The Assessment of Functioning in Daily Life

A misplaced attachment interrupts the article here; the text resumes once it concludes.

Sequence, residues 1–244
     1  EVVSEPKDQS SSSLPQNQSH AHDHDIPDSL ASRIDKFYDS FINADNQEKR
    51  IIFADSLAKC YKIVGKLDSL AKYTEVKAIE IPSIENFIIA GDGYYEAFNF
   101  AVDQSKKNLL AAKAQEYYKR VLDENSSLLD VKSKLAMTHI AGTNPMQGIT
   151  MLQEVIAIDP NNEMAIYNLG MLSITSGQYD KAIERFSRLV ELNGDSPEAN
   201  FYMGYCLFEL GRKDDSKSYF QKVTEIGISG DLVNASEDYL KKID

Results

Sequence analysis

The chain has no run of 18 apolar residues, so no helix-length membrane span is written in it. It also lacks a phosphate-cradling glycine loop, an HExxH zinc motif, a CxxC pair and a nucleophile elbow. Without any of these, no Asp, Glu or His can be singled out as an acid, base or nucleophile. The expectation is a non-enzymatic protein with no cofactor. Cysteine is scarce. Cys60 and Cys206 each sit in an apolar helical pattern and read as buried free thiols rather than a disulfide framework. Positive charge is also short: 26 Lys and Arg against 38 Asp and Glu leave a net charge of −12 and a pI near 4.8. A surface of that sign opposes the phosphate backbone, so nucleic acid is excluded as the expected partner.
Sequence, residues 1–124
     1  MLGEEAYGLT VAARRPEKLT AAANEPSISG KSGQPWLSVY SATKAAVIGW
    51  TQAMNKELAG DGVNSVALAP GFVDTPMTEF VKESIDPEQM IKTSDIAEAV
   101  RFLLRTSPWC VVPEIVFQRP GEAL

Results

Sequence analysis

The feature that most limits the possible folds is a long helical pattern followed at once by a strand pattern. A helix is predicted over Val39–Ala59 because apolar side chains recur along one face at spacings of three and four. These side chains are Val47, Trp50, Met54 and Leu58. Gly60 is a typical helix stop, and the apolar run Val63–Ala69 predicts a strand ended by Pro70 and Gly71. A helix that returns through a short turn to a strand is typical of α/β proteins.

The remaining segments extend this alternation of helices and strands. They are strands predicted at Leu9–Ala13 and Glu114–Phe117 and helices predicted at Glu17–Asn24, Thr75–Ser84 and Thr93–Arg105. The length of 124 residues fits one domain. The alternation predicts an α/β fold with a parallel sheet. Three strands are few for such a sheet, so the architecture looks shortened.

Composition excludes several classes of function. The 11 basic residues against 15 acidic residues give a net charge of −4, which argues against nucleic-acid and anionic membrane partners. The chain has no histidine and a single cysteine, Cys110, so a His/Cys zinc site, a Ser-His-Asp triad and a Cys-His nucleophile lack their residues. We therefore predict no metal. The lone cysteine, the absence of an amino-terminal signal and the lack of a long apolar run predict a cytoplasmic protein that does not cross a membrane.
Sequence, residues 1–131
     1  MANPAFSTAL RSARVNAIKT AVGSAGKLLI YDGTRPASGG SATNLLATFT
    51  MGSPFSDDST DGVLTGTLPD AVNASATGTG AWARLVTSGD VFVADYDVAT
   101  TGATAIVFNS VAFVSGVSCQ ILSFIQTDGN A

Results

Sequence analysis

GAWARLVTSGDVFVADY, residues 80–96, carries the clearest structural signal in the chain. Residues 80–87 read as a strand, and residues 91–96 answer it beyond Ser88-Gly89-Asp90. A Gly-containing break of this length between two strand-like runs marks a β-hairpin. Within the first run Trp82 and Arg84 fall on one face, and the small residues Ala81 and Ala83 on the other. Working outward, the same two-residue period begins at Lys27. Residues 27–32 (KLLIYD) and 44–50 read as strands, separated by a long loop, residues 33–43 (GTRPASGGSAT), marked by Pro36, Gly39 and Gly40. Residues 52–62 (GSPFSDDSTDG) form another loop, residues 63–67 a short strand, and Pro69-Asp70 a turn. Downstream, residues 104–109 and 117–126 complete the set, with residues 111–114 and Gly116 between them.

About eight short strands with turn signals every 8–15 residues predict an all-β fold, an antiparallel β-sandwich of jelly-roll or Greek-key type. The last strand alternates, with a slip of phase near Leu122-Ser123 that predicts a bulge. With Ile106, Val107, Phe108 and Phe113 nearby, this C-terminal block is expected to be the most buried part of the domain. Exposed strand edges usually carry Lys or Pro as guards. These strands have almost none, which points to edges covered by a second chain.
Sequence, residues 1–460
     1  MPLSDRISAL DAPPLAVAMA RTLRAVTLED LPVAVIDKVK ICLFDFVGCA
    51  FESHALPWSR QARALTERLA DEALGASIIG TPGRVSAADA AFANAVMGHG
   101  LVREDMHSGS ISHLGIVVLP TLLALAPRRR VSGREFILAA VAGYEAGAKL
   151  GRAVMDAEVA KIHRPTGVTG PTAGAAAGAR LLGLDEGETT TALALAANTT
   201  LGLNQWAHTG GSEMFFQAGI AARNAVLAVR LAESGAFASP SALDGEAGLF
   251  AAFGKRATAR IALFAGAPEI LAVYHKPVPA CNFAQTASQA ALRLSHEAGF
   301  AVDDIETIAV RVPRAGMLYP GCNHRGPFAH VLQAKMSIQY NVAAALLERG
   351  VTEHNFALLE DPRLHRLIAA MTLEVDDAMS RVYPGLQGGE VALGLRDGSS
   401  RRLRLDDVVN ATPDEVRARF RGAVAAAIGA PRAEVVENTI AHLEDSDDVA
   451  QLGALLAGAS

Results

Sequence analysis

The existence of a functional impairment that interferes with social or professional abilities or leads to a loss of autonomy in everyday life activities is an important component of the diagnosis of Alzheimer’s Disease (AD), according to the most widely used criteria, such as the DSM-IV (American Psychiatric Association, 1994), the NINCDS-ADRDA (McKhann et al., 1984), and the ICD-10 (World Health Organization, 1993). In a recent study conducted on a large sample of early AD patients, Loewenstein, Ownby, et al. (2001) confirmed that specific assessment of functional abilities must complete the neuropsychological evaluation to maximize the accuracy of AD diagnosis. In addition, it has been shown that important dissociations can be found within some subjects between cognitive and functional measures and that the extent of changes of both measures may differ over time (Skurla, Rogers, & Sunderland, 1988; Teunisse & Derix, 1991), thus stressing the need for a specific evaluation of the functional domain in addition to cognitive functioning.